|TYPES CAUSES SYMPTOMS DIAGNOSIS STAGES TREATMENT|
Leukemias are grouped by how quickly the disease develops as well as by the type of white blood cell that is affected. The two main types of leukaemia are acute and chronic. Acute leukemia is a rapidly progressing disease that affects immature blood cells (blasts) which are not yet fully developed. These blasts cannot carry out their normal functions, increases quickly and the disease gets worse quickly. Acute leukaemia tends to affect younger people. In chronic leukemia, some blast cells are present, but they are more mature and can carry out some of their normal functions. The number of blasts increases less rapidly than in acute leukemia and therefore the disease gets worse slowly.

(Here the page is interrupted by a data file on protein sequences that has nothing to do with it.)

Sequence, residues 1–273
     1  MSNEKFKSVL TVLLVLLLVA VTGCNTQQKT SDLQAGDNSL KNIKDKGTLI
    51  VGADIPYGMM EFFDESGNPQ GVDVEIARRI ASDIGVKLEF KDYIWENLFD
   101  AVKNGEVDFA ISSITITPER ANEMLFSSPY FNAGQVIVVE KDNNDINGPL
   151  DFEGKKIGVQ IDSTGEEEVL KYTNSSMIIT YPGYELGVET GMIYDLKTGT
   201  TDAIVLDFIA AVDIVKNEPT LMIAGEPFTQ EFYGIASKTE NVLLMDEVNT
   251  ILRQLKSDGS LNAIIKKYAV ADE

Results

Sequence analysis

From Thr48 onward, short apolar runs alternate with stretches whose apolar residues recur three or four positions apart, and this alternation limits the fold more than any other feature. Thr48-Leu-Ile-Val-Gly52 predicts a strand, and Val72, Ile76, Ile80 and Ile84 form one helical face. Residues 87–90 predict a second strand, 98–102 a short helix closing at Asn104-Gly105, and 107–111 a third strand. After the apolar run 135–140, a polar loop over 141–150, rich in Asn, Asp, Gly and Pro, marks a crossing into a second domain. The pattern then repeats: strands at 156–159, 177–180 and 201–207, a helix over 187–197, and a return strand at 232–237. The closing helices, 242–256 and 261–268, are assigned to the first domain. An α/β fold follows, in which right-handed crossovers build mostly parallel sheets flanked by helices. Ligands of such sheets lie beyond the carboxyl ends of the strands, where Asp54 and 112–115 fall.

Leukemia can arise in either of the two main types of white blood cells: lymphoid cells or myeloid cells. Leukemia that affects lymphoid cells is called lymphocytic leukemia and myeloid cells is called myeloid or myelogenous leukemia.
The most common types of leukemia are :
Acute Lymphocytic Leukemia (ALL) - The most common type in young children under 19 years. Also affects adults of 65years and older.
Acute Myelogenous Leukemia (AML) - Found in both adults and children. AML is also called acute myelogenous leukemia, acute myeloblastic leukemia, acute granulocytic leukemia, and acute nonlymphocytic leukemia. There are different subtypes of AML based on how mature (developed) the cancer cells are at the time of diagnosis and how different they are from normal cells.
Chronic Lymphocytic Leukemia (CLL) - Occurs in adults over 55 years. It almost never affects children.
Chronic Myelogenous Leukemia (CML) - Affect mainly in adults.
Human T-cell leukemia and Hairy cell leukemia are less common type of chronic lymphocytic leukemia. Hairy cell leukemia is called so because when viewed under a microscope, these cells appear to be covered with tiny hair-like projections.
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